This years show considers the position that architecture is about people and the built environment is a consequence of a complex networks and processes
BA (Honours) Architecture: Spaces and Objects (BA:ASO) starts from the position that architecture is about people – the way we conceive of, inhabit, consume and derive meaning through space.
In Stage 3, the explorations from previous years are now consolidated and enhanced with a critical perspective based on research, analysis and experimentation. Through the integration of spatial, theoretical and technical investigations, the aim of the final Degree year is to promote the development of conceptual, contextual and methodological approaches to construct the students’ individual position as strategic designers, projected towards an active engagement with the real world.
The design briefs for Stage 3 emphasise an understanding of the built environment as a consequence of a complex superposition of multiple systems, networks and processes. This year saw the investigation of different perspectives on these interactions; through interventions located at Kings Cross area. Central Saint Martins’ recent move to a new campus at Kings Cross, and as the first occupants of the largest redevelopment site in London, offers many present and future possibilities to be explored; both in terms of our immediate space and time, as well as the planned (and perhaps un-planned) evolution of the area in the future.
Throughout the year, students have been asked to project forward to consider the future of Kings Cross post-redevelopment. Initially, the year 2020 was used as the frame for research and exploration of the Fish and Coal Building; a heritage structure that currently remains ambiguous within the redevelopment site. Inspired by the idea of the ‘Social Condenser ’, the aim was to combine different uses and users to promote a wide range of cultural, programmatic and economic interactions.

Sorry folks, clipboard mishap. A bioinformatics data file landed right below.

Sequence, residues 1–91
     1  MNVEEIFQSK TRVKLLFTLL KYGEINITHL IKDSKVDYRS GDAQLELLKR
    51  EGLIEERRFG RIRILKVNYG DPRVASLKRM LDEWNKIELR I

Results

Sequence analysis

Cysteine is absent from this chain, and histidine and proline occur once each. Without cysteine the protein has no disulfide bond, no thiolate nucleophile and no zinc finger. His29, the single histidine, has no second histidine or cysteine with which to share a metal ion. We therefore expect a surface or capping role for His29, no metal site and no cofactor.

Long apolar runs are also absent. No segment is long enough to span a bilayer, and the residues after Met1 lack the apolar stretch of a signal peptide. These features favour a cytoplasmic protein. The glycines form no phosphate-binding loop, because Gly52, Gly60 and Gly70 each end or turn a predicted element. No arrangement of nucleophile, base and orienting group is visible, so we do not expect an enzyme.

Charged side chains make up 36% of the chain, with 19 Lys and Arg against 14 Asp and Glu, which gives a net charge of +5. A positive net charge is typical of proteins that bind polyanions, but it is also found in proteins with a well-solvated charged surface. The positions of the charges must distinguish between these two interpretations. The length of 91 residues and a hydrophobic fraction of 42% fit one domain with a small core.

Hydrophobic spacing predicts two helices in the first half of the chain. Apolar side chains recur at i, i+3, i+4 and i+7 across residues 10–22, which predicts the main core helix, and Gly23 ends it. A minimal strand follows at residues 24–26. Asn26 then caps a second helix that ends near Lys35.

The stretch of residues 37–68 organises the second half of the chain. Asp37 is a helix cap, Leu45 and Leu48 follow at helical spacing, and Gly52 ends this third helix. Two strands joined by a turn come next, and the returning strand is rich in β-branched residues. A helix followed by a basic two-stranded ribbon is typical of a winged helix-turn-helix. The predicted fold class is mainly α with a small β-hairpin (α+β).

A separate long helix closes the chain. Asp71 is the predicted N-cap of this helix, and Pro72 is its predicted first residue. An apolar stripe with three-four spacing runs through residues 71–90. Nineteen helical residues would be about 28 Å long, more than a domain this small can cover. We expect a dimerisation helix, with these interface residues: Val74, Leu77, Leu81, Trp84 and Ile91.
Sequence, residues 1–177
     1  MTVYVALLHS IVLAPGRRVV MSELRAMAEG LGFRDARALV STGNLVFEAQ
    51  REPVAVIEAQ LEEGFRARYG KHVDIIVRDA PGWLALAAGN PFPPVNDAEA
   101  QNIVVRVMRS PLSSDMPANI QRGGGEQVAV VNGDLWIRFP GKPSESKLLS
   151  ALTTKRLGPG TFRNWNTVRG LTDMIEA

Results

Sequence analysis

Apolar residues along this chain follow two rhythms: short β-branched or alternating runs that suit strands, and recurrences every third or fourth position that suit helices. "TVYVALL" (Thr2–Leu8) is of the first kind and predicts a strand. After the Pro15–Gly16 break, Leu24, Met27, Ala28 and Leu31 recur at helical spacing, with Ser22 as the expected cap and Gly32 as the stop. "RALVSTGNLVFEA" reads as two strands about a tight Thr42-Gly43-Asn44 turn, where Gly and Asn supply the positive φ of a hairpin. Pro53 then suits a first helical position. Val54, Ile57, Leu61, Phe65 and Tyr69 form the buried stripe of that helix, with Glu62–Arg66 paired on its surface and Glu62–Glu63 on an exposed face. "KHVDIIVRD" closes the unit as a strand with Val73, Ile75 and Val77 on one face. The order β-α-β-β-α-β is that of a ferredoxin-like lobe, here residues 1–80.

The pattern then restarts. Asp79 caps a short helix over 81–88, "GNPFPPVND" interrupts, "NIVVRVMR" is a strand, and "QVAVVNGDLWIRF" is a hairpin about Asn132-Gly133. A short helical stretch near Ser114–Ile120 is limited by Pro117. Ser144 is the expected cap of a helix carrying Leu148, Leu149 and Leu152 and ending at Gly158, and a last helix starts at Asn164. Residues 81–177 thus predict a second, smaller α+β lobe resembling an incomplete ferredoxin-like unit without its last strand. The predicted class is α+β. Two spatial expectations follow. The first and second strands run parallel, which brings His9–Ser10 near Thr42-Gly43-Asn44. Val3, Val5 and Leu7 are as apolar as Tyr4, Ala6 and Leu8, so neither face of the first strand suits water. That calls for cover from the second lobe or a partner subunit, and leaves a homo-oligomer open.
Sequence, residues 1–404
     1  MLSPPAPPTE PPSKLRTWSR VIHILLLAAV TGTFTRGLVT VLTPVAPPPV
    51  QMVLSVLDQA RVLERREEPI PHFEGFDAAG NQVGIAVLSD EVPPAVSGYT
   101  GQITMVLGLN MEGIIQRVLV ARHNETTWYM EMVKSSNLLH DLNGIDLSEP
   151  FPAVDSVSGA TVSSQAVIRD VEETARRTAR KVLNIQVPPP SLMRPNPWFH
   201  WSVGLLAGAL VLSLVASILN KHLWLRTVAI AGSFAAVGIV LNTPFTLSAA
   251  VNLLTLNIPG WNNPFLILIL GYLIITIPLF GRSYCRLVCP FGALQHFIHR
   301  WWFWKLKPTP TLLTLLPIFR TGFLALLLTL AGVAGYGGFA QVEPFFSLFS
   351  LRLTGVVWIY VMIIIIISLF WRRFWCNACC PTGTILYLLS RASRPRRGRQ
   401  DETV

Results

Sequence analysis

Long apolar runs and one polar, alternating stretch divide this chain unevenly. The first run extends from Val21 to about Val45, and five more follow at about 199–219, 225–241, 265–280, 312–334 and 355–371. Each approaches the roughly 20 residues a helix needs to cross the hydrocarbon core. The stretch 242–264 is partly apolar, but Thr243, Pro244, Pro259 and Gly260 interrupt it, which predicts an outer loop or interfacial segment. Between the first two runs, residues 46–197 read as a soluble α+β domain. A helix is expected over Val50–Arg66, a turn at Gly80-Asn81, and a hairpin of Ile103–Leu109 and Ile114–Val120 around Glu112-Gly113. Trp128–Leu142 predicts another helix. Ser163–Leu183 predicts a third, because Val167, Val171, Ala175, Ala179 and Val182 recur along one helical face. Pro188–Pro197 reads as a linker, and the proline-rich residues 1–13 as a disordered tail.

The main project of the year, included in the exhibition, is self-initiated. Students were given a choice of 8 potential sites at the edges of the Kings Cross redevelopment area and were free to define their own agendas, conceptual and strategic triggers, based on their definition of a hypothetical scenario situated in 2050. The outcome is a rich mix of different concerns and strategies developed in and through spatial and programmatic explorations.
More than the end, this is perhaps the beginning of a new journey into an exciting future.
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